The U.S. economic recovery risks being derailed and the Federal Reserve might have to take new actions to support growth, three Fed officials said.
"The balance of risks" appears "tilted toward a weaker economy," Fed Vice Chairwoman Janet Yellen said in Boston Wednesday night, pointing to the possibility inflation would drop below the Fed's 2 percent goal or economic growth would slow.
She said she was convinced the Fed should "provide further policy accommodation," either with assurances interest rates would stay low or by expanding the central bank's already sizable holdings of long-term securities.
Yellen's views are often similar to those of Fed Chairman Ben Bernanke, The Washington Post said.
Bernanke was scheduled to testify before Congress Thursday.
The presidents of the Federal Reserve Banks of Atlanta and San Francisco separately expressed concerns Wednesday eurozone turmoil could derail the U.S. economic recovery.
"I am giving more weight and higher probability to a negative influence on our economy coming from Europe," Atlanta Fed President Dennis Lockhart said in a speech in Ft. Lauderdale, Fla.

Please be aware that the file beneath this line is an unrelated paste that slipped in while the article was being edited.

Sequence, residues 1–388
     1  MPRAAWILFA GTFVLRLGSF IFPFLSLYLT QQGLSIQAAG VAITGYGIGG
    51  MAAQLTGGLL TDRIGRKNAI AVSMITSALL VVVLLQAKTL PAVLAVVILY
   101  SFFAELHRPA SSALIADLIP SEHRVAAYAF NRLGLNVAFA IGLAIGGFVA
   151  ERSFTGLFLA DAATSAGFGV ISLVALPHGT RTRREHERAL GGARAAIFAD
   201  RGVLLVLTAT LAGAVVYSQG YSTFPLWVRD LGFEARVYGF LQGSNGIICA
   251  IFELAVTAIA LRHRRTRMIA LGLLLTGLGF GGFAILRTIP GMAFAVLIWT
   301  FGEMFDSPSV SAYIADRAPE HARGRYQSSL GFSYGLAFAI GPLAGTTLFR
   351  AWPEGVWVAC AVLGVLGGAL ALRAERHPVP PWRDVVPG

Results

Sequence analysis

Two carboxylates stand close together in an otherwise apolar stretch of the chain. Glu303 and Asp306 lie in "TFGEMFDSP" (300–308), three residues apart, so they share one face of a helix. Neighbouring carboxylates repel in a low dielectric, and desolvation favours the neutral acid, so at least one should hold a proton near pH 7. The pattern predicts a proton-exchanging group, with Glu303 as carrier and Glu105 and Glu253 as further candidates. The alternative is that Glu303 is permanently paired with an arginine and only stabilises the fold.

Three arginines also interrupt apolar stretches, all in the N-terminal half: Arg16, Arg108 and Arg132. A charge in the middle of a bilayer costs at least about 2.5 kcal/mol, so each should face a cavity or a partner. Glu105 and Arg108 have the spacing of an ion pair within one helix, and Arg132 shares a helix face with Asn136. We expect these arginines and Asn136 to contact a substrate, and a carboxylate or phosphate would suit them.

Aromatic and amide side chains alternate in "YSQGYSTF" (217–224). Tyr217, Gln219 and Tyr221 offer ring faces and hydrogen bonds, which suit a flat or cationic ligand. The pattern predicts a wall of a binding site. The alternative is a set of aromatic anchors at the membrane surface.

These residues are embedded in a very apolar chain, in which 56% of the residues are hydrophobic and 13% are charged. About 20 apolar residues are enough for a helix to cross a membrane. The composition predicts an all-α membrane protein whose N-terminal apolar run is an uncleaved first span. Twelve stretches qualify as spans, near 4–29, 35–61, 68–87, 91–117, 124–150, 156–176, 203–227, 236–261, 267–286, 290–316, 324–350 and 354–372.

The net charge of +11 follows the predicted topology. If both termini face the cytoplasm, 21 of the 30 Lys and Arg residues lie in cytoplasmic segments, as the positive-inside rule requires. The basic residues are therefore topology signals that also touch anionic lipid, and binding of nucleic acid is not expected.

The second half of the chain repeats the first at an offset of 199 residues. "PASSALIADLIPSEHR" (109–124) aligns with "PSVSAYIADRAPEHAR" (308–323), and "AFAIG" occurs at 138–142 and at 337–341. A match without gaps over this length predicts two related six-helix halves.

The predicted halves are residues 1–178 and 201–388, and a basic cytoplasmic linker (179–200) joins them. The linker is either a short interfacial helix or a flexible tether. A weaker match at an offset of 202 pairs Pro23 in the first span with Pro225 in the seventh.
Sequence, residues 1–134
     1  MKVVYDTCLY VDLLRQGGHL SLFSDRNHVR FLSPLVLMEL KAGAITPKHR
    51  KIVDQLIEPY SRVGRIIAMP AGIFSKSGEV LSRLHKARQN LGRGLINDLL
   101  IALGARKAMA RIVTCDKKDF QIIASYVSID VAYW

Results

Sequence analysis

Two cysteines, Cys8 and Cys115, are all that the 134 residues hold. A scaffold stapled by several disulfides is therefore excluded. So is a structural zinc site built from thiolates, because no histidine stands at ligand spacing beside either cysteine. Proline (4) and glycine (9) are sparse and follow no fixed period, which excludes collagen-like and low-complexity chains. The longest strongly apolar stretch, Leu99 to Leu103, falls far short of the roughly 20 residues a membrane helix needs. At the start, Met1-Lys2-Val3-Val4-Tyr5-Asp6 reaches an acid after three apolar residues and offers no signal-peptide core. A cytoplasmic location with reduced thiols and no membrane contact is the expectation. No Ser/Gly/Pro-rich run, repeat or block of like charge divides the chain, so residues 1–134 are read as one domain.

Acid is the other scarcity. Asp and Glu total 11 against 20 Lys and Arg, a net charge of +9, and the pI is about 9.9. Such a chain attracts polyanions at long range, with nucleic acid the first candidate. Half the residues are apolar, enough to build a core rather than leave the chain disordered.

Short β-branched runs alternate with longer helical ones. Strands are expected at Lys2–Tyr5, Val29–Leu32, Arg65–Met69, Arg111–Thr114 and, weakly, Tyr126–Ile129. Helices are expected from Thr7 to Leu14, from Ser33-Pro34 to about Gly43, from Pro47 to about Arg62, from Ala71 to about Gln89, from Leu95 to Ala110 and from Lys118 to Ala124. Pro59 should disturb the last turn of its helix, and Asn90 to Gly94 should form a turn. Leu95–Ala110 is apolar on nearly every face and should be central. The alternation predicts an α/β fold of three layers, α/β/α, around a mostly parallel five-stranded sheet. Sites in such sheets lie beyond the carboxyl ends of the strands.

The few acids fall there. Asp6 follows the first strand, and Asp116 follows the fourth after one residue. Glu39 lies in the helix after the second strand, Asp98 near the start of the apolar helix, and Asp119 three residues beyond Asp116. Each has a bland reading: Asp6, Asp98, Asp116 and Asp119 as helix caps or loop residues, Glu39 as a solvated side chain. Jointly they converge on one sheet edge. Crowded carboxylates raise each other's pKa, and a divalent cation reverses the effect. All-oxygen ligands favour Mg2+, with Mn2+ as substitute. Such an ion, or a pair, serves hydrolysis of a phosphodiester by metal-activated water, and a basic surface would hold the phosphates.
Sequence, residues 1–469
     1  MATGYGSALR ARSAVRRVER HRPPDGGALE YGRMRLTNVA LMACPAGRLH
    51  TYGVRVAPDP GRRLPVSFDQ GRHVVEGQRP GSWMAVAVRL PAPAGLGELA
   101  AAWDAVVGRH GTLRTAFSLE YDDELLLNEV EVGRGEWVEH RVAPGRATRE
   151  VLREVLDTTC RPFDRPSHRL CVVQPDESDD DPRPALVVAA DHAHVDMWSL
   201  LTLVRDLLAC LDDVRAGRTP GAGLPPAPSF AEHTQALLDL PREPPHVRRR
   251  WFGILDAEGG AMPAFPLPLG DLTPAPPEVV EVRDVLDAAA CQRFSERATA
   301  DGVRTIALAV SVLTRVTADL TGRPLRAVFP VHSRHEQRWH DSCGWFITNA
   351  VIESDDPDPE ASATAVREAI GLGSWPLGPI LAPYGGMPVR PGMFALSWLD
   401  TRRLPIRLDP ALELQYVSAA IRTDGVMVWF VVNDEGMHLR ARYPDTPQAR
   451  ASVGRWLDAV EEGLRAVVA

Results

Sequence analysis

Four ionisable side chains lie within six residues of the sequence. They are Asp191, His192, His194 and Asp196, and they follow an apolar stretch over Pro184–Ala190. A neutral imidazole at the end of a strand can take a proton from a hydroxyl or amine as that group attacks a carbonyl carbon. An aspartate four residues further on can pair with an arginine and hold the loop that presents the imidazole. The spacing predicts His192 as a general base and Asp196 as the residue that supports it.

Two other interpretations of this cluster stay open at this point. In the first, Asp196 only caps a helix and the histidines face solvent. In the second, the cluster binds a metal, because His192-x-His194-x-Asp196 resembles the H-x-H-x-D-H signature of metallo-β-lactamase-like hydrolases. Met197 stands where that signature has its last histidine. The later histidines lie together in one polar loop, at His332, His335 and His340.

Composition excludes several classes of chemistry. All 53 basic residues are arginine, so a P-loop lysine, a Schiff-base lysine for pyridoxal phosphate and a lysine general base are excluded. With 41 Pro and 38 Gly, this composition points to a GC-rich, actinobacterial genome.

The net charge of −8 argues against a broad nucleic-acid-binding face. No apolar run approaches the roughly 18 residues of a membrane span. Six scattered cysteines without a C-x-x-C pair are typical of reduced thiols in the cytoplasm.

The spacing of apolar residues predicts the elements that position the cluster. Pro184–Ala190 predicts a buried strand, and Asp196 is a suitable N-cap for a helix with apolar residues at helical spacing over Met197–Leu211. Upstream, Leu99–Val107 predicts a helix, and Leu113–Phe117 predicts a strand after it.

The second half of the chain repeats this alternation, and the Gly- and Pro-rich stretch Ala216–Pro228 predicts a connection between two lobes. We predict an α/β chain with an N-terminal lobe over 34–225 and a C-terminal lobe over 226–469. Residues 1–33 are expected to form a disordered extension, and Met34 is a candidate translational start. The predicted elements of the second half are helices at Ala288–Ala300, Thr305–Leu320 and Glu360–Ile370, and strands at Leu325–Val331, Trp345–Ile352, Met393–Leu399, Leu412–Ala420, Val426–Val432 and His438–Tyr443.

If modest economic growth is no longer a realistic goal, then "further monetary actions to support the recovery will certainly need to be considered," he said.
San Francisco Fed President John Williams said he was concerned not just about the European sovereign-debt crisis, but also about federal government spending cuts, which he said could hurt the U.S. economy.
"The turmoil in Europe and government fiscal retrenchment in the United States raise the danger that the economy could perform worse than I expect," Williams said in a speech in Bellevue, Wash.
Fed officials' next policy-making meeting is to take place June 19-20.
A Fed report released Wednesday ahead of that meeting pointed to concerns businesses will cut back on hiring and investing due to uncertainties about U.S. political and fiscal outlook, as well as the eurozone crisis.
But it also said the U.S. "economic outlooks remain positive."
Still, the "beige book" -- a compilation of anecdotal reviews of the economy from the 12 regional Federal Reserve districts -- said "contacts were slightly more guarded in their optimism."